Annotate this Case

352 N.E.2d 487 (1976)

STATE of Indiana On the Relation of International Harvester Company, Relator, v. ALLEN CIRCUIT COURT AND HONORABLE RAY ADE, Special Judge for the Allen Circuit Court, Respondents.

No. 1075S296.

Supreme Court of Indiana.

August 19, 1976.

*488 Milford M. Miller, Fort Wayne, for relator.

David B. Keller, Ralph R. Blume, David A. Travelstead, Fort Wayne, Ted S. Miller, Huntington, for respondents.

DeBRULER, Justice.

On October 8, 1974, the Common Council of Fort Wayne passed an ordinance for the purpose of annexing an area of land at its borders. On December 18, 1974, landowners in the area, including relator, filed a remonstrance against this proposed annexation in the Allen Circuit Court, and the case now pends before the Honorable Ray Ade, Special Judge.

On September 3, 1975, relator filed a petition with the trial court to stay that remonstrance proceeding. The petition was denied on September 24, 1975. On September 29, 1975, relator filed its motion to reconsider such ruling, and that motion was denied. By this original action, relator seeks to require the trial court to hold the remonstrance proceeding in abeyance pending the outcome of another case pending in the Whitley Circuit Court.

In the trial court, relator based his motion for stay of proceedings upon the fact that the land sought to be annexed by Fort Wayne in its 1974 ordinance is the same land which has been the subject of three prior attempts at annexation, one by Fort Wayne itself and two by the City of New Haven; and that each of these prior annexation ordinances is itself the subject of separate but ongoing trial court challenges; and that none of those cases has been finally disposed of. In chronological order of their original initiation, they are:

1. On January 5, 1951, the Town of New Haven filed with the Allen County Commissioners a petition to annex the subject area. The annexation was approved, and the Allen Circuit Court upheld it against remonstrance, but the Second District Court of Appeals reversed in City of Fort Wayne v. Board of Trustees of Town of New Haven, (1971) 150 Ind. App. 519, 277 N.E.2d 38. On remand, and after a change of venue, the Noble Circuit Court entered a final *489 judgment, which is on appeal in the Court of Appeals. 2. On January 30, 1951, the Common Council of Fort Wayne passed an ordinance purporting to annex the subject land. A suit by remonstrators against this annexation is still pending in the Allen Circuit Court. 3. On January 17, 1972, the Common Council of New Haven adopted an ordinance annexing the subject real estate. Relator and others filed remonstrances. But, on June 30, 1975, relator withdrew its remonstrance and, on July 1, 1975, the Allen Circuit Court dismissed all other remonstrances. Prior to the withdrawal and dismissals, Fort Wayne filed a declaratory judgment action collaterally attacking the annexation ordinance. Relator intervened in July, 1975. The action is presently pending in the Whitley Circuit Court.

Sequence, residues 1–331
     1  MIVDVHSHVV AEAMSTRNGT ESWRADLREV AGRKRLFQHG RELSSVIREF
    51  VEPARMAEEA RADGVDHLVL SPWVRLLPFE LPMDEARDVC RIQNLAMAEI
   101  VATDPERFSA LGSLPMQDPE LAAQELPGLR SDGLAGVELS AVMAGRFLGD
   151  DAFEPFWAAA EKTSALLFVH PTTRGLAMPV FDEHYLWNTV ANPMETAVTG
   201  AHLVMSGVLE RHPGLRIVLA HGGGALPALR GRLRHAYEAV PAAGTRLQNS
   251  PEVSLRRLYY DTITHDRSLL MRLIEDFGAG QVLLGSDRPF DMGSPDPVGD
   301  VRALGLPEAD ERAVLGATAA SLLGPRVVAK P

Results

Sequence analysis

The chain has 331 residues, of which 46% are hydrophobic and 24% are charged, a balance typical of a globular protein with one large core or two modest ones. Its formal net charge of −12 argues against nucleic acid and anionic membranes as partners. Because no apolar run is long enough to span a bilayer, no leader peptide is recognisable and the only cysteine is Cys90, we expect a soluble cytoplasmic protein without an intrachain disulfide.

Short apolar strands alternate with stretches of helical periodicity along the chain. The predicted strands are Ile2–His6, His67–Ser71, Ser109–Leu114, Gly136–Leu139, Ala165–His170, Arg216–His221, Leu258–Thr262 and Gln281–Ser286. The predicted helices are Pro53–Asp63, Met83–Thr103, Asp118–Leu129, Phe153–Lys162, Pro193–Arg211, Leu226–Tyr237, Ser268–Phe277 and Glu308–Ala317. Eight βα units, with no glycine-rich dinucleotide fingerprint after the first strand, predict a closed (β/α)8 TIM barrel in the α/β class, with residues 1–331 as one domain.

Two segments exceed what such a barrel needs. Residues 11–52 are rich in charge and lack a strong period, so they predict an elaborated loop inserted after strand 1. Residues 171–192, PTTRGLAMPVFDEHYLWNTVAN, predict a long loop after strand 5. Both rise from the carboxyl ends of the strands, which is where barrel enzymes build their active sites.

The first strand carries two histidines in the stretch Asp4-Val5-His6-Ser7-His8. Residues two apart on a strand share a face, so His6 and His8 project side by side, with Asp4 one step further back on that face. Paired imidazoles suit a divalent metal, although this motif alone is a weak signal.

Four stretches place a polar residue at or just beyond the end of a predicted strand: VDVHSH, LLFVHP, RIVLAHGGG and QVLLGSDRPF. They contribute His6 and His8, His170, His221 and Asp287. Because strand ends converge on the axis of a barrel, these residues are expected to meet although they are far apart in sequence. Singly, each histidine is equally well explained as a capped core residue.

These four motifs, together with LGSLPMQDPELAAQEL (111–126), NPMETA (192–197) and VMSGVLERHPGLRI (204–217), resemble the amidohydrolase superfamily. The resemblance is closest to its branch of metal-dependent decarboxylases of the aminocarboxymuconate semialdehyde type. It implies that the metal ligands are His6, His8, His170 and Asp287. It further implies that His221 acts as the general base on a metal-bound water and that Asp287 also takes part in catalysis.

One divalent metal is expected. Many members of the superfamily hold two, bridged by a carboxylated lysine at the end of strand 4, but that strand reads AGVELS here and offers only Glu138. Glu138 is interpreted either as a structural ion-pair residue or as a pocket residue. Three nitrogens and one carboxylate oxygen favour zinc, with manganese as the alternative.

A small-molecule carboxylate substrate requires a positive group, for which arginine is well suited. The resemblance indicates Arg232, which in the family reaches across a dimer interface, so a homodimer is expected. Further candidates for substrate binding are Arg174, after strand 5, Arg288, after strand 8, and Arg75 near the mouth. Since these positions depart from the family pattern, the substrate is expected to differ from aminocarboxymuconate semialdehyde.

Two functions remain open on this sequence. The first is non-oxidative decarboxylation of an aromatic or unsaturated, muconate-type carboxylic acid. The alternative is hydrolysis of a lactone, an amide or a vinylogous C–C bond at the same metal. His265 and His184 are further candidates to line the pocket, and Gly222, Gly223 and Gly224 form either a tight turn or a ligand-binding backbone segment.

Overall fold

In its petition for a writ before us, relator alleges a conflict of jurisdiction between the remonstrance proceeding against the 1974 Fort Wayne annexation ordinance pending in the Allen Circuit Court and the prior collateral claim contesting the 1972 New Haven ordinance pending in the Whitley Circuit Court. Relator does not use the ongoing cases in the Court of Appeals and the Allen Circuit Court, in which the two 1951 ordinances are contested, as bases for its claim of conflicting jurisdiction.